The Land Control Act does not, unlike section 3(3) of the Law of Contract Act and Section 38(2) of the Land Act save the operation of the doctrines of constructive trust or proprietary estoppel nor expressly provide that they are not applicable to controlled land transactions. Although the purpose of the two statutes are apparently different, they both limit the freedom of contract by making the contract void and enforceable. In our view and by analogy, they equally apply to contracts which are void and enforceable for lack of consent of the land control board especially where the parties in breach of the land control Act have unreasonably delayed in performing the contract. However, whether the court will apply the doctrines of constructive and proprietary estoppel to a contract rendered void by lack of the consent of land control board will largely depend on the circumstances of each particular case.”
The two decisions above reflect the current position of the courts with regards to the voidability of controlled of controlled transactions.
Turning to this case, the two sale agreements dated 8th February, 2003 and 13th November, 2002 provides clear terms and conditions for each party and the timelines within which those obligations were to be undertaken.
Joseph Kathuri Mugo, the plaintiff in ELC NO. 125/2015 paid a deposit of Kshs.23,000/ and was required to pay the balance of Kshs. 142,000/ in two instalments, the last instalment to have been paid on or before 31st May, 2004. The completion period was to take more than 12 months which makes it void for lack of want of consent under Section 6 of the Land Control Act.
Under all circumstances obtained in this case, it would be unjust to apply the equitable relief of specific performance in view of the fact that the plaintiffs have not proved that they are deserving of the relief having failed to perform their contractual obligation of paying the balance of the consideration as agreed. In my view, the plaintiffs have not approached this court with clean hands and therefore, equity cannot aid them.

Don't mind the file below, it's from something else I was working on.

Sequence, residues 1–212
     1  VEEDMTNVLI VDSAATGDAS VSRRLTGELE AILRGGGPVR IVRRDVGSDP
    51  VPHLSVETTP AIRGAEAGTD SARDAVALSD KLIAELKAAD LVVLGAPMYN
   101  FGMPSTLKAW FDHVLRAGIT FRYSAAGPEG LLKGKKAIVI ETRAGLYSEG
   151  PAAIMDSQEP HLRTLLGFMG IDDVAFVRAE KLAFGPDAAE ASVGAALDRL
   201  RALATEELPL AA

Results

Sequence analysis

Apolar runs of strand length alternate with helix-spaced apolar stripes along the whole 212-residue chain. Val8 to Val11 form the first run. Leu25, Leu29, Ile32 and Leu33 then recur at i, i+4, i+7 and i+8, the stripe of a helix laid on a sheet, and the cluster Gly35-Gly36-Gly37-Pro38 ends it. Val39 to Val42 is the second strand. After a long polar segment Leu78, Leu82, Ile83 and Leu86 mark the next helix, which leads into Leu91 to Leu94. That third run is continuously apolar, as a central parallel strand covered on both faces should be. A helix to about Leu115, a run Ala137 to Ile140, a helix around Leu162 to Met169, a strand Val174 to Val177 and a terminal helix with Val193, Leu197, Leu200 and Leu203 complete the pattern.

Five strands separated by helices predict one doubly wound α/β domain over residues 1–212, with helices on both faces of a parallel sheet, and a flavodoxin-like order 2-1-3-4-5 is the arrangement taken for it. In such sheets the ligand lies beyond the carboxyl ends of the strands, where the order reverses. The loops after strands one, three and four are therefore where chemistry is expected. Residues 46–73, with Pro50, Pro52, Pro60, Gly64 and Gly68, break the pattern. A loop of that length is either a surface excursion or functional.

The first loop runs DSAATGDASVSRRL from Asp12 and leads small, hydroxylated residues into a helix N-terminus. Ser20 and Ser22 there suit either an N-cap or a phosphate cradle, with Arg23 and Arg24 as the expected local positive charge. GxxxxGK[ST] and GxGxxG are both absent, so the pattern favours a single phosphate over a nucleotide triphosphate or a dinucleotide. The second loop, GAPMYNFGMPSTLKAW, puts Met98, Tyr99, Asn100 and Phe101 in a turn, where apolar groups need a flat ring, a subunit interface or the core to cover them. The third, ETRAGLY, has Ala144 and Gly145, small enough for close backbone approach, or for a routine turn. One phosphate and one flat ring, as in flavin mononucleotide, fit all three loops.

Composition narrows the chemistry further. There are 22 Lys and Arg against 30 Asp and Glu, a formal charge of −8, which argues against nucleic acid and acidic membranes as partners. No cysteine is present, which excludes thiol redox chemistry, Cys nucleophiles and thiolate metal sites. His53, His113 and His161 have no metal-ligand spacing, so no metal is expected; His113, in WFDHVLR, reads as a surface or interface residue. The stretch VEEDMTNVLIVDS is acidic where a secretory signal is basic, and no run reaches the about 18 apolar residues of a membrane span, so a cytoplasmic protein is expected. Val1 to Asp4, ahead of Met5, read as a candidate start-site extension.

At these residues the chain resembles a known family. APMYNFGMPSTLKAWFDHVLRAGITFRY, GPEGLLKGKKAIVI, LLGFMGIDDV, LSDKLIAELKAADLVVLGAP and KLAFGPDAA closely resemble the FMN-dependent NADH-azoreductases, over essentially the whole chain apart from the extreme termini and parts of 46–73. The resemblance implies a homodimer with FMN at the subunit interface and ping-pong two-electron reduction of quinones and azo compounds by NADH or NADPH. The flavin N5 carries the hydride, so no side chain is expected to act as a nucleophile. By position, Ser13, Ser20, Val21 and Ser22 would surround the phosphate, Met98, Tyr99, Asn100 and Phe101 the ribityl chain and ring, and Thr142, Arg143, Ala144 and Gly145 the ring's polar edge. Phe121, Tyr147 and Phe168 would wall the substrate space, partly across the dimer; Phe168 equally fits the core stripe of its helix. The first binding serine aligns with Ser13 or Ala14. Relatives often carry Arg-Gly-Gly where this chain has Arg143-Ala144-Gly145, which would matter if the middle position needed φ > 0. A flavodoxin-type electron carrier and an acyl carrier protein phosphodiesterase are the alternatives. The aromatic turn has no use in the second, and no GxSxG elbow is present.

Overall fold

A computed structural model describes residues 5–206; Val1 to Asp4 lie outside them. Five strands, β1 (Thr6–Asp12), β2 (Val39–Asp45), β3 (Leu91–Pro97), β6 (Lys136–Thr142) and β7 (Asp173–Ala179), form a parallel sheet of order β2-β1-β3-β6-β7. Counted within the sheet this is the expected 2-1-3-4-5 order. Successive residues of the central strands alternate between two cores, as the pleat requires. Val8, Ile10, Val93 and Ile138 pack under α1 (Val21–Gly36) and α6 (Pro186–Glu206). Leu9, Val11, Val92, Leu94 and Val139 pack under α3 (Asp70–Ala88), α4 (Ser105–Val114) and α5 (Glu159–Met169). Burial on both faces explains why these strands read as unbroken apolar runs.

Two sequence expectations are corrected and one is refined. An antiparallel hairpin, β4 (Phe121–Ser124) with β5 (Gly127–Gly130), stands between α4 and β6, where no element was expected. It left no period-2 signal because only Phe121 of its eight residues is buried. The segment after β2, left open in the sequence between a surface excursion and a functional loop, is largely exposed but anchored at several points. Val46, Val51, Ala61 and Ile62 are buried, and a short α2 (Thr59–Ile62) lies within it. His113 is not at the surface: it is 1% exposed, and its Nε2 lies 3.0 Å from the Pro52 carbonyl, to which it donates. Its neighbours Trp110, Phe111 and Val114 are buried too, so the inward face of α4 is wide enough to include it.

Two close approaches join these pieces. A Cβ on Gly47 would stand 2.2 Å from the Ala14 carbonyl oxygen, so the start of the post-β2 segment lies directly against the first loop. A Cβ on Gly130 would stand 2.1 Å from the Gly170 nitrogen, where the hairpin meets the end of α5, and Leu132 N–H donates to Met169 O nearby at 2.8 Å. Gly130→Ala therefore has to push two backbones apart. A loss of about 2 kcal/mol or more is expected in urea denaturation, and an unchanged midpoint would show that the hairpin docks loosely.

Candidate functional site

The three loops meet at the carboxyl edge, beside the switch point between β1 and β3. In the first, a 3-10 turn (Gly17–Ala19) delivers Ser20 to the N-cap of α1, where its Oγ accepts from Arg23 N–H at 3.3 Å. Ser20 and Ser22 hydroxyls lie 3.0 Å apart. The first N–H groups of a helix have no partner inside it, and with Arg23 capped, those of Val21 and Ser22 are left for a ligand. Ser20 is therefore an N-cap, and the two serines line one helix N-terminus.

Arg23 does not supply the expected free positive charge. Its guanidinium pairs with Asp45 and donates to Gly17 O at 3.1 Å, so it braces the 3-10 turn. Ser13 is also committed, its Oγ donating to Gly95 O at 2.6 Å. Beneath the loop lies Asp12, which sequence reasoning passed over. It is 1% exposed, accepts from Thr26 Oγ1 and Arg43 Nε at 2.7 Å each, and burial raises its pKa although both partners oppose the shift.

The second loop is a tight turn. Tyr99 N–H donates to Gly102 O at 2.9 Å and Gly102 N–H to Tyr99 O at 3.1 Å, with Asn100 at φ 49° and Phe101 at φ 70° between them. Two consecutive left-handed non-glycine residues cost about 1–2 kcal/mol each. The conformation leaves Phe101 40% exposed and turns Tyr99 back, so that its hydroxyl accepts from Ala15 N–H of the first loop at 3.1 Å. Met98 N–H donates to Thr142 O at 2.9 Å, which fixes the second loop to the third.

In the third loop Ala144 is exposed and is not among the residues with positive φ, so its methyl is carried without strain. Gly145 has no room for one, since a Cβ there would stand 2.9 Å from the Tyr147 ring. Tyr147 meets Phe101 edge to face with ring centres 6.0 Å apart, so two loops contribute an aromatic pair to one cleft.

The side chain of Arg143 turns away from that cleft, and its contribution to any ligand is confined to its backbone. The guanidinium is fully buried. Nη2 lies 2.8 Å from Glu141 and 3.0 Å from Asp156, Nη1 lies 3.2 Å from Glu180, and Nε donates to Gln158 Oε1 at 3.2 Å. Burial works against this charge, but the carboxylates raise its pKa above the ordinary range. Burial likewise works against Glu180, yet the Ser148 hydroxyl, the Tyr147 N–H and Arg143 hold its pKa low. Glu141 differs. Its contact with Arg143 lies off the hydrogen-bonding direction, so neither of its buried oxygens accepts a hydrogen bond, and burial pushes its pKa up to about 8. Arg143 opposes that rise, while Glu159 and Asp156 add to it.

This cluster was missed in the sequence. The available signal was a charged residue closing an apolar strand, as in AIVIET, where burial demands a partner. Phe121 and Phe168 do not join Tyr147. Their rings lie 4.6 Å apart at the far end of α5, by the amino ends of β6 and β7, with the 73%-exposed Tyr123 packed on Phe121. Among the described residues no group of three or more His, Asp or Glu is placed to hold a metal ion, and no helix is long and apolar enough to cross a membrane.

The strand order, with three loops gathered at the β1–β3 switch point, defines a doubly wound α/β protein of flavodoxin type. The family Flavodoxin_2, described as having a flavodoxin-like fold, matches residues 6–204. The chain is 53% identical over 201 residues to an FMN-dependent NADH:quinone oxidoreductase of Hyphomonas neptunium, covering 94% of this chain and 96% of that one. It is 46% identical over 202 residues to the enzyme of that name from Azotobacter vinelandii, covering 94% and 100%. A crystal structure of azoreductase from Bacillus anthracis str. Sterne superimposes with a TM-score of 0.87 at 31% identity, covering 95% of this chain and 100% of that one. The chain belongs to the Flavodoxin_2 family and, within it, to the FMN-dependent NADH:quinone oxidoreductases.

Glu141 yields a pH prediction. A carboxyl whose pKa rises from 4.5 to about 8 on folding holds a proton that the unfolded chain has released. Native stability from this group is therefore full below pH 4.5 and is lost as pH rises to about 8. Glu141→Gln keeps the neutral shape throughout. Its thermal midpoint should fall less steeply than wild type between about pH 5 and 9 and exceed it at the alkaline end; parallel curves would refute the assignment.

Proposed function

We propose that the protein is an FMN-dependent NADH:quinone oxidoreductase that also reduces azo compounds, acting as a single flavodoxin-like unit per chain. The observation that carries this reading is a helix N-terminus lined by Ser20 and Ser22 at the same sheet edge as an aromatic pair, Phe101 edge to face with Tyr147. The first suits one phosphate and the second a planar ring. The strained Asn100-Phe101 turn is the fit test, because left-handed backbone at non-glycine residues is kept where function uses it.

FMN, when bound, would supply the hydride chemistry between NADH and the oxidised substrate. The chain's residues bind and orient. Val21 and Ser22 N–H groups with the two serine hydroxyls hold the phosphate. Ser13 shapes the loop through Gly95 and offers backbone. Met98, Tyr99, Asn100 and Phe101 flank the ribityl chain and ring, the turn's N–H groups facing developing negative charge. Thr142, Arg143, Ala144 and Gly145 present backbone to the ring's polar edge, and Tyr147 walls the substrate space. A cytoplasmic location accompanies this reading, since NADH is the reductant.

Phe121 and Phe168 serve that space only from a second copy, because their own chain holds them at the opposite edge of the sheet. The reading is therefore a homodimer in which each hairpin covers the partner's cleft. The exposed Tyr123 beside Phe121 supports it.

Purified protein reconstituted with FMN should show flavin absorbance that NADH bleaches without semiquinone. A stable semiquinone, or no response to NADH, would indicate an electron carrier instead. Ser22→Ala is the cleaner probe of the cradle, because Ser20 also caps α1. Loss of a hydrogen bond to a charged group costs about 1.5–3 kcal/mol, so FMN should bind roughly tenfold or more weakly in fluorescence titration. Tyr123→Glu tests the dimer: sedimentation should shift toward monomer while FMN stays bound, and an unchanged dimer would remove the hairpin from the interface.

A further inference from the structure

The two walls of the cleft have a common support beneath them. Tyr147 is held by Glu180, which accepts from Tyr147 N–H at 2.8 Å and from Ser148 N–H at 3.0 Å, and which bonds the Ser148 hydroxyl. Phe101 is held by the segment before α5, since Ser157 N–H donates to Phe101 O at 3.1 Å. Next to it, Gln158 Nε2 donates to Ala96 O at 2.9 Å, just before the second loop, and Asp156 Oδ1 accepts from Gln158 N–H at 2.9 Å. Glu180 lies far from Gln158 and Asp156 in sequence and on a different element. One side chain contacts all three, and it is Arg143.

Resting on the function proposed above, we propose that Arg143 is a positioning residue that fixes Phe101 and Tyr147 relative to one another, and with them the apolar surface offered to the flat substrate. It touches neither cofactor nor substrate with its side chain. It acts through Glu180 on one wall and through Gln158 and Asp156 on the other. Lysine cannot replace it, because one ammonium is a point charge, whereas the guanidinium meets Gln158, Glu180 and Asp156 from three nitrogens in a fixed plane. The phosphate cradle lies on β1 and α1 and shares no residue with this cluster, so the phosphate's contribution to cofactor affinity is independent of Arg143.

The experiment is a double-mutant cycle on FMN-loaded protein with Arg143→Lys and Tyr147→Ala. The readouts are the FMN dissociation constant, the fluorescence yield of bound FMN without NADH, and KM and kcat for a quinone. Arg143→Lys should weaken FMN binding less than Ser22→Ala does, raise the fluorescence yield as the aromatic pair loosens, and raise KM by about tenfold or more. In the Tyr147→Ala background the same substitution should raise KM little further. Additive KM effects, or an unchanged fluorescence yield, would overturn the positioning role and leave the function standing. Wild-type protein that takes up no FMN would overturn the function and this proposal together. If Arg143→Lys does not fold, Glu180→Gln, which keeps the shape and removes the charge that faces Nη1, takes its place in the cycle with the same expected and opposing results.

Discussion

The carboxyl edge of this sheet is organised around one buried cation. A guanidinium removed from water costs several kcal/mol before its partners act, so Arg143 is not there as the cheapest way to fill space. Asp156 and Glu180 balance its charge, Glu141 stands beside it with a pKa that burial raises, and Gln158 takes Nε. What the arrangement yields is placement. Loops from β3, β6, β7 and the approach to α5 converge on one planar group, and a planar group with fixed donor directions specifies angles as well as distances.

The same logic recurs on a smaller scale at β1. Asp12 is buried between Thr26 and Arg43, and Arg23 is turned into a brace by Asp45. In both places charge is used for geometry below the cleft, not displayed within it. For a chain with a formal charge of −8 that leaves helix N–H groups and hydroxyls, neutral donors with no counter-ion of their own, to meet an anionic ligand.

The Court of Appeal in the case of GURDEV SINGH BIRDI & ANOTHER VS ABUBAKAR MADHBUTI, C.A. No. 165 of 1996 held: -
“It cannot be gainsaid that the underlying principle in granting the equitable relief of specific performance has always been under all the obtaining circumstances in the particular case, it is just and equitable to do with a view to doing more perfect and complete justice. Indeed, as is set out in paragraph 487 of Halsbury’s laws of England----, Fourth Edition, a plaintiff seeking the equitable remedy of specific performance of a contract;
Must show that he has performed all the terms of the contract which he has undertaken to perform whether expressly or by implication, and which he ought to have performed at the time of the writ in the action. However, this rule only applies to terms which are essential and considerable. The court does not bar a claim on ground that the plaintiff has failed in literal performance, or is in default in some non-essential or unimportant term, although in such cases it may grant
compensation. Where a condition or essential term ought to have been performed by the plaintiff at the date of the writ, the court does not accept his undertaking to perform in lieu of performance but dismisses the claim.”
I agree with the findings in the above decision which is also binding on me save to add that the terms of the agreement which this Court found the plaintiffs to have failed to perform include non-payment of the balance of the purchase price which is not only essential but considerable terms which go into the root and substance of the agreement.
The upshot of my finding is that the plaintiffs case lack merit and the same is hereby dismissed. Each party to bear their own costs.
Judgment READ, DELIVERED and SIGNED in open Court at Kerugoya this 18th day of February, 2022.
HON. E.C. CHERONO
In the presence of:-
1. Mr. Maina Kagio for Plaintiff
2. Ms Muturi holding brief for Mr. Ndana for Defendant
3. Kabuta – Court clerk.